And Leave Show Business?
This elephant keeper shoved a hose up The ass of an elephant every day. He Told a man. The man said, So why don't You quit? And the keeper said, You have To understand: elephant bowels are fragile, You only spray a little and shit flies All over. . . . And the man said, I understand, I think, someone has to, but why don't you Quit? And the keeper said, And leave show Business? I don't know who first told me, You'll die someday, you can't live forever. I don't know who took my hand and said, Some things, not all things, are possible. At a state mental hospital where I work I asked a patient once what he remembered. Everything. Everything that ever happened. Thinking back, incompletely, I think I must've disbelieved his ease, his willingness To witness all his loss always, so I asked, Just having heard the stupid elephant joke: Anything about elephants? pets? He had a dog: Bean, Bingo, something like that. And he walked Him every day on a leash and they bought A hamburger every day on South Harrison Or North Harrison, somewhere in Shelbyville. I asked where the dog was. He said he loved Him so much he'd drink out of the river And the dog would too, he loved him So much. I have to admit I had to say Something and of course there was nothing To say. His head was down as he drank. The water was sweet. Easily I left him Alone to walk myself out of the river Of sense. I remember riding shotgun In a truck with my Uncle Ralph across flat Kansas. He said something. I said, Really? And he said, Hell yes boy, do you think I'd lie? Why do you always say really? And I didn't know, God help me, I don't Know. He was my uncle. He wouldn't lie. Truth is I hadn't been listening, But watching the long rows pass my window, I was busy being elephant keeper And elephant, the hose inside, the dog That drank with a man, and the river, where Everything is equal, is possible, where I knew I'd die someday and live without Sight or sound or touch, possibly forever.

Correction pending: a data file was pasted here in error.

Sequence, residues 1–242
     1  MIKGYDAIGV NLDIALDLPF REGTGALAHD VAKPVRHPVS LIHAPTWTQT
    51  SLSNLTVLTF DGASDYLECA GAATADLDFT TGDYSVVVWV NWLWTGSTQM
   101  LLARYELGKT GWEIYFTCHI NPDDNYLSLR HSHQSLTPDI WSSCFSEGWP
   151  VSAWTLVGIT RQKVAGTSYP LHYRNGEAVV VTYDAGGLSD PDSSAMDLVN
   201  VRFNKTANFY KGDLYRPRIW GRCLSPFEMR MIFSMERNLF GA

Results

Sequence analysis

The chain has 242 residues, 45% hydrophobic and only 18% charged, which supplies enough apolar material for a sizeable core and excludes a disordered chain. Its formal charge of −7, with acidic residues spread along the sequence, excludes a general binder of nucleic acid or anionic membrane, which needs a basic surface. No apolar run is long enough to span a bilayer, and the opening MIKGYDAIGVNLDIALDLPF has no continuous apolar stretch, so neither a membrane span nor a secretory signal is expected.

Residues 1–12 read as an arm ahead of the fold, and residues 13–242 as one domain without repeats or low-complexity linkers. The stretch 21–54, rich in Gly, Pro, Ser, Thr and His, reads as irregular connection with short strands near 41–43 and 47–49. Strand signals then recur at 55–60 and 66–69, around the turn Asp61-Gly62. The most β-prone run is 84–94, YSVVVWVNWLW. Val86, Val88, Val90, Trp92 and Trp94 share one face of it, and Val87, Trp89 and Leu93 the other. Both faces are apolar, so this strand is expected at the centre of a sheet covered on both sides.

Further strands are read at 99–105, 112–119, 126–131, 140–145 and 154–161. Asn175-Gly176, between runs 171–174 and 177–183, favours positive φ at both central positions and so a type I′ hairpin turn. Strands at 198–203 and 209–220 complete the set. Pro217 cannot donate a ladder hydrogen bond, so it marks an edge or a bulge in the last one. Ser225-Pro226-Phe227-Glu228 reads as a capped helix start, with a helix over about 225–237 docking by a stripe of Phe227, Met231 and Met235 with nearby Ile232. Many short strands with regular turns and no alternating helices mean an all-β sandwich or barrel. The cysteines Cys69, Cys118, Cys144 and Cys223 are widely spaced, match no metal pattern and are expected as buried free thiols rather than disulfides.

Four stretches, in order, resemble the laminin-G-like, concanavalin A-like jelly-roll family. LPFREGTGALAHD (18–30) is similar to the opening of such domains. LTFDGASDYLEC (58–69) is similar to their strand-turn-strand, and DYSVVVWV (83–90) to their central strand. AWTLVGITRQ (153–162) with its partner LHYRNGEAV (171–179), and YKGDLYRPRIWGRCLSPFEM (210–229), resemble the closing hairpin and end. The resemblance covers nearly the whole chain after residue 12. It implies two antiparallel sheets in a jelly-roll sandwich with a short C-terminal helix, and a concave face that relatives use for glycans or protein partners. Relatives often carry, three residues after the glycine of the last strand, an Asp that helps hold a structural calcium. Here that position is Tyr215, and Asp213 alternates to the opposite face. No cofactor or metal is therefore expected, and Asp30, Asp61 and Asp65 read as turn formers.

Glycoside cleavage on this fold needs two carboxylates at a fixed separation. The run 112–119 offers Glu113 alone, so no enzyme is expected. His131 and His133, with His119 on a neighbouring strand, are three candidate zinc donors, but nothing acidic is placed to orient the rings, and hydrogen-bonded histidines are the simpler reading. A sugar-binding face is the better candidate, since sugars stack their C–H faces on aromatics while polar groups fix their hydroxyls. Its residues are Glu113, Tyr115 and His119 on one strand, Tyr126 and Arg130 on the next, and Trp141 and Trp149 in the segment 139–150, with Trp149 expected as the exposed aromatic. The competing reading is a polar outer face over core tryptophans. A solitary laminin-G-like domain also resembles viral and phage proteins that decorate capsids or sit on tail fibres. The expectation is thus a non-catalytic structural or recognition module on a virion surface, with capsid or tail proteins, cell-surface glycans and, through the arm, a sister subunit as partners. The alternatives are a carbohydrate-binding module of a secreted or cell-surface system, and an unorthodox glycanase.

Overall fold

From Any Given Day, by Ralph Burns, published by University of Alabama Press. Copyright © 1994 by Ralph Burns. All rights reserved. Used with permission.